Sundaramoorthy, E. et al. ZNF598 and RACK1 regulate mammalian ribosome-associated quality control function by mediating regulatory 40S ribosomal ubiquitylation. Mol. Cell 65, 751–760 (2017).
Juszkiewicz, S., Speldewinde, S. H., Wan, L., Svejstrup, J. Q. & Hegde, R. S. The ASC-1 complex disassembles collided ribosomes. Mol. Cell 79, 603–614 (2020).
Matsuo, Y. et al. RQT complex dissociates ribosomes collided on endogenous RQC substrate SDD1. Nat. Struct. Mol. Biol. 27, 323–332 (2020).
Matsuo, Y. et al. Ubiquitination of stalled ribosome triggers ribosome-associated quality control. Nat. Commun. 8, 159 (2017).
Glover, M. L. et al. NONU-1 encodes a conserved endonuclease required for mRNA translation surveillance. Cell Rep. 30, 4321–4331 (2020).
D’Orazio, K. N. et al. The endonuclease Cue2 cleaves mRNAs at stalled ribosomes during no go decay. eLife 8, e49117 (2019).
Nürenberg-Goloub, E. & Tampé, R. Ribosome recycling in mRNA translation, quality control, and homeostasis. Biol. Chem. 401, 47–61 (2019).
Donaldson, K. M., Yin, H., Gekakis, N., Supek, F. & Joazeiro, C. A. P. Ubiquitin signals protein trafficking via interaction with a novel ubiquitin binding domain in the membrane fusion regulator, Vps9p. Curr. Biol. 13, 258–262 (2003).
Burby, P. E. & Simmons, L. A. MutS2 promotes homologous recombination in Bacillus subtilis. J. Bacteriol. 199, e00682-16 (2017).
Pinto, A. V. et al. Suppression of homologous and homeologous recombination by the bacterial MutS2 protein. Mol. Cell 17, 113–120 (2005).
Hingorani, M. M. Mismatch binding, ADP–ATP exchange and intramolecular signaling during mismatch repair. DNA Repair 38, 24–31 (2016).
Groothuizen, F. S. & Sixma, T. K. The conserved molecular machinery in DNA mismatch repair enzyme structures. DNA Repair 38, 14–23 (2016).
Kyrpides, N. C., Woese, C. R. & Ouzounis, C. A. KOW: a novel motif linking a bacterial transcription factor with ribosomal proteins. Trends Biochem. Sci. 21, 425–426 (1996).
Fukui, K. & Kuramitsu, S. Structure and function of the small MutS-related domain. Mol. Biol. Int. 2011, 691735 (2011).
Sachadyn, P. Conservation and diversity of MutS proteins. Mutat. Res. 694, 20–30 (2010).
Pochopien, A. A. et al. Structure of Gcn1 bound to stalled and colliding 80S ribosomes. Proc. Natl Acad. Sci. USA 118, e2022756118 (2021).
Sohmen, D. et al. Structure of the Bacillus subtilis 70S ribosome reveals the basis for species-specific stalling. Nat. Commun. 6, 6941 (2015).
Smith, A. M., Costello, M. S., Kettring, A. H., Wingo, R. J. & Moore, S. D. Ribosome collisions alter frameshifting at translational reprogramming motifs in bacterial mRNAs. Proc. Natl Acad. Sci. USA 116, 21769–21779 (2019).
Borovinskaya, M. A., Shoji, S., Holton, J. M., Fredrick, K. & Cate, J. H. D. A steric block in translation caused by the antibiotic spectinomycin. ACS Chem. Biol. 2, 545–552 (2007).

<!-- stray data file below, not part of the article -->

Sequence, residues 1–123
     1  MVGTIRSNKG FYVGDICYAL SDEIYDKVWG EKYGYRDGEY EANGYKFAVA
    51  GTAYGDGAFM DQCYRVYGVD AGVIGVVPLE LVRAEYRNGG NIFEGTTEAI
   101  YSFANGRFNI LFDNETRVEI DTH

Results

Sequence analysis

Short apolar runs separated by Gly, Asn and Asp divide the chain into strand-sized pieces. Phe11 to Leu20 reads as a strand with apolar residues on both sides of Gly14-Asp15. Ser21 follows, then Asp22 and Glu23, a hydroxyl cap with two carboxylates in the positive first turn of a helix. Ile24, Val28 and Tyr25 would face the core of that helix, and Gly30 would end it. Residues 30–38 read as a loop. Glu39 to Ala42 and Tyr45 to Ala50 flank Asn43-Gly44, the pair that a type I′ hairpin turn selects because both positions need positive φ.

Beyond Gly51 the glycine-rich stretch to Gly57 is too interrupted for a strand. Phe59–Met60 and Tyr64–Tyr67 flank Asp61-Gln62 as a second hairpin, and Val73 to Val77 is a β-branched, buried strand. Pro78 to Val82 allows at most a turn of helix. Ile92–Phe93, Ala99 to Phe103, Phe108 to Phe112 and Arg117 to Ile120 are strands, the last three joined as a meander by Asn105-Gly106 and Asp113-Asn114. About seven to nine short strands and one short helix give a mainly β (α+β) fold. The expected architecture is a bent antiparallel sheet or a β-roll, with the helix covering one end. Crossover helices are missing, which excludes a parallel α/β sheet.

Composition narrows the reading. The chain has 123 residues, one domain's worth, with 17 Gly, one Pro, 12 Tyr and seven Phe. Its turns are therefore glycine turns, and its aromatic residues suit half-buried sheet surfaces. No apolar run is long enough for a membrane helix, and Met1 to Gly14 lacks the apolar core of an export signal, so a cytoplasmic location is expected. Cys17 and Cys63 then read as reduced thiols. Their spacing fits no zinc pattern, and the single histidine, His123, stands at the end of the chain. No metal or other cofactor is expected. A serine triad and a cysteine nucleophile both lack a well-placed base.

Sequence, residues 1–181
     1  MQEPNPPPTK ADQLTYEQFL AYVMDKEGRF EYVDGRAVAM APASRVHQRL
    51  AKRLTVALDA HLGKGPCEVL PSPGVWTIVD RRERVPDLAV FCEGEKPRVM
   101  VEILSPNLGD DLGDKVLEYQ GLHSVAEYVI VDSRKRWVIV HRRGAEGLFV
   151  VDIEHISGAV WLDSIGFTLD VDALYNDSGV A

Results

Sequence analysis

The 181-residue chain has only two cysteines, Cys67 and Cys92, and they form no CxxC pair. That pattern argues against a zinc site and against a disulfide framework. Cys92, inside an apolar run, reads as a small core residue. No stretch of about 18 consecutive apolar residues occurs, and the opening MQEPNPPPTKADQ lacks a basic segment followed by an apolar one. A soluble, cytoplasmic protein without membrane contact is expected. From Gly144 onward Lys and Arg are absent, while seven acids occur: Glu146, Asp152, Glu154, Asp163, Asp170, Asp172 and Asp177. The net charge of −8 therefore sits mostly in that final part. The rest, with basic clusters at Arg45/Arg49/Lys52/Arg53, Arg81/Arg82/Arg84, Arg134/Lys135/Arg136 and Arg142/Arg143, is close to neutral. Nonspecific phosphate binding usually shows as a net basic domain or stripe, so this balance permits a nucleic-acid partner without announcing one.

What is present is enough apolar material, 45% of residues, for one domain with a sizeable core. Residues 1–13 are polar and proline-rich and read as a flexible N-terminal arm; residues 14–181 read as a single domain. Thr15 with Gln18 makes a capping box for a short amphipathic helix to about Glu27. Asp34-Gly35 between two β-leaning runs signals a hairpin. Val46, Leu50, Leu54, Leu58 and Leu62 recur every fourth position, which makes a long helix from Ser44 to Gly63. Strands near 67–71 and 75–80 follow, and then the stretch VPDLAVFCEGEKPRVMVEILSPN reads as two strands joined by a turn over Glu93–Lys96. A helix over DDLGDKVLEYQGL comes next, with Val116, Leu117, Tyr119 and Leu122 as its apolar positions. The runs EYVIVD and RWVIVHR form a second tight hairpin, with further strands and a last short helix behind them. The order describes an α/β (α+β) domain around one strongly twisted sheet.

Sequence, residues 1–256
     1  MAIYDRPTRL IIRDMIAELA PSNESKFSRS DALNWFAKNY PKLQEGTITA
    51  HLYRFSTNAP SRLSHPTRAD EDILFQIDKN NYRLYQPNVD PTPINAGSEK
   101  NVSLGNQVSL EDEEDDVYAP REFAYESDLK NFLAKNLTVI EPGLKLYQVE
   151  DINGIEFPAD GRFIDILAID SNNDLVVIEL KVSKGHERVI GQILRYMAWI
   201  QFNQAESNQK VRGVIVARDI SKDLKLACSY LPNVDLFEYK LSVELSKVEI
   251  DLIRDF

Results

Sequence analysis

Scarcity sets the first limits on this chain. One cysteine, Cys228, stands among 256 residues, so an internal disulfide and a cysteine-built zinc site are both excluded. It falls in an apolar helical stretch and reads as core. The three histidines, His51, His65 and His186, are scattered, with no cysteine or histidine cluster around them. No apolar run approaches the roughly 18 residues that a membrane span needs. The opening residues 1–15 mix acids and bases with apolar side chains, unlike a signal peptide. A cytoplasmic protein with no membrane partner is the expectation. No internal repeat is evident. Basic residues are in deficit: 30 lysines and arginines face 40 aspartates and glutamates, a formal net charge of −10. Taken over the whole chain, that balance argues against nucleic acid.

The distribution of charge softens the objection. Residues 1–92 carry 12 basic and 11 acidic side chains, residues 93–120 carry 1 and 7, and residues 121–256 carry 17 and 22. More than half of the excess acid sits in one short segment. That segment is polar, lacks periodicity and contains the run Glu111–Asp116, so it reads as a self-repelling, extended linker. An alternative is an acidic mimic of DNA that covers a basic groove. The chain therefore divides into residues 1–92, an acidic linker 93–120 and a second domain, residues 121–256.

Brodersen, D. E. et al. The structural basis for the action of the antibiotics tetracycline, pactamycin, and hygromycin B on the 30S ribosomal subunit. Cell 103, 1143–1154 (2000).
Svetlov, M. S. et al. High-resolution crystal structures of ribosome-bound chloramphenicol and erythromycin provide the ultimate basis for their competition. RNA 25, 600–606 (2019).
Filbeck, S. et al. Mimicry of canonical translation elongation underlies alanine tail synthesis in RQC. Mol. Cell 81, 104–114 (2021).
Crowe-McAuliffe, C. et al. Structural basis for bacterial ribosome-associated quality control by RqcH and RqcP. Mol. Cell 81, 115–126 (2021).
Takada, H. et al. RqcH and RqcP catalyze processive poly-alanine synthesis in a reconstituted ribosome-associated quality control system. Nucleic Acids Res. 49, 8355–8369 (2021).
Thrun, A. et al. Convergence of mammalian RQC and C-end rule proteolytic pathways via alanine tailing. Mol. Cell 81, 2112–2122 (2021).
Korostelev, A., Trakhanov, S., Laurberg, M. & Noller, H. F. Crystal structure of a 70S ribosome–tRNA complex reveals functional interactions and rearrangements. Cell 126, 1065–1077 (2006).
Tejada-Arranz, A., de Crécy-Lagard, V. & de Reuse, H. Bacterial RNA degradosomes: molecular machines under tight control. Trends Biochem. Sci. 45, 42–57 (2020).
Arnaud, M., Chastanet, A. & Débarbouillé, M. New vector for efficient allelic replacement in naturally nontransformable, low-GC-content, gram-positive bacteria. Appl. Environ. Microbiol. 70, 6887–6891 (2004).
Koo, B.-M. et al. Construction and analysis of two genome-scale deletion libraries for Bacillus subtilis. Cell Syst. 4, 291–305 (2017).
Mende, D. R. et al. proGenomes2: an improved database for accurate and consistent habitat, taxonomic and functional annotations of prokaryotic genomes. Nucleic Acids Res. 48, D621–D625 (2020).
Bucher, P., Karplus, K., Moeri, N. & Hofmann, K. A flexible motif search technique based on generalized profiles. Comput. Chem. 20, 3–23 (1996).
Levy, J. A., LaFlamme, C. W., Tsaprailis, G., Crynen, G. & Page, D. T. Dyrk1a mutations cause undergrowth of cortical pyramidal neurons via dysregulated growth factor signaling. Biol. Psychiatry 90, 295–306 (2021).
Schindelin, J. et al. Fiji: an open-source platform for biological-image analysis. Nat. Methods 9, 676–682 (2012).
Zivanov, J., Nakane, T. & Scheres, S. H. W. Estimation of high-order aberrations and anisotropic magnification from cryo-EM data sets in RELION-3.1. IUCrJ 7, 253–267 (2020).
Pettersen, E. F. et al. UCSF Chimera—a visualization system for exploratory research and analysis. J. Comput. Chem. 25, 1605–1612 (2004).